I constantly have to remind purchasers, that in reality, these scenarios are not how things play out in the real world. They are just theoretical scenarios, aimed to help guide the strata on what could reasonably be expected in the near term.
Example: $5 million dollar for exterior cladding replacement in 2030
Here’s an example; let’s say a the depreciation report says the exterior cladding needs to be replaced in 2030, and assigns a value of $5 million dollars. This is a large figure, and would result in a big blow to the contingency fund in 2030!
In reality, the strata typically approaches these maintenance items differently. If there is no existing issues stemming from this common building asset, the strata corporation will likely commission the engineer to conduct another report specifically on the exterior envelope. A building envelope condition assessment (BECA). The depreciation report is just a high level overview and guesstimate on the average service life of an asset. It does not analyze the item deeply enough to make informed conclusions on its physical health.
Perhaps the new BECA report will reveal that the cladding system is in excellent condition and will exceed its anticipated service life. In this situation, the BECA report would typically suggest a renewal of the sealant system around the cladding, to ensure it maintains its good condition long into the future. This is a much cheaper preventative maintenance outcome.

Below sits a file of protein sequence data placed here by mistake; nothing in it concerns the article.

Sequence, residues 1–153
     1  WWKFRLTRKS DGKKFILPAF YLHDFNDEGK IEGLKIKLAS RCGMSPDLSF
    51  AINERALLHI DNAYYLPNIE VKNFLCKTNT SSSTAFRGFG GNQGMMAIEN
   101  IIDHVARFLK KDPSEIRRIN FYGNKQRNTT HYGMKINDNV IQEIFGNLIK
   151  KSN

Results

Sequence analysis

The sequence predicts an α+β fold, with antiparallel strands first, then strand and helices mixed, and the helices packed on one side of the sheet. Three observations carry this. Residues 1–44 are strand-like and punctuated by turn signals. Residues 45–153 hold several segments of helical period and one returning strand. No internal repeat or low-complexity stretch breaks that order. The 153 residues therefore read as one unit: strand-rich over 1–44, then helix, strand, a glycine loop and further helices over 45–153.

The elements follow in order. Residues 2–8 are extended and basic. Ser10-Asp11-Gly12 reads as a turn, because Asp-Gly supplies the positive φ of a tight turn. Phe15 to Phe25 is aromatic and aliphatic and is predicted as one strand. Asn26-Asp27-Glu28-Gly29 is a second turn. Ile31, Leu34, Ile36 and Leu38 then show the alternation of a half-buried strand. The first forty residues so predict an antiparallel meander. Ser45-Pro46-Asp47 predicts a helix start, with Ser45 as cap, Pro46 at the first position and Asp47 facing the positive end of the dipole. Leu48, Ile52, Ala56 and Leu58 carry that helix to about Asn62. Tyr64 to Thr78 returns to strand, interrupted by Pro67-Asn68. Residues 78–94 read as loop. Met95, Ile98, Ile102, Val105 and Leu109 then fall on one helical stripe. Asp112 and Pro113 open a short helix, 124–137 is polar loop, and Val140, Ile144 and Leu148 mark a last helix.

Or perhaps, the report will reveal that the cladding system is generally in good condition, but on some areas or exposures of the building the cladding is in rough shape or showing signs of failure. This suggests, that only a portion needs replacement or renewal. The strata can then evaluate if spot replacement, or entire replacement is more effective given the circumstances.
Alternatively, the worst case scenario prevails and the report concludes that the cladding system should indeed be replaced in 8-10 years, just as the depreciation report predicted. In this worst case scenario, there are many strategies the strata corporations can deploy. It can likely will consider increasing its contributions over the next 10 years. It can look to see if a phased approach of replacement over 2-3 years is possible – spreading the cost over time to reduce the burden.
Given the constant rise in new building material technologies the strata corporation can look at other materials and systems that may be more cost effective. For example, grants are offered to do energy retrofit upgrades.
At this point the strata corporation will then start to obtain actual quotes for the work to be done, which may come in lower (or higher) than the $5M figure.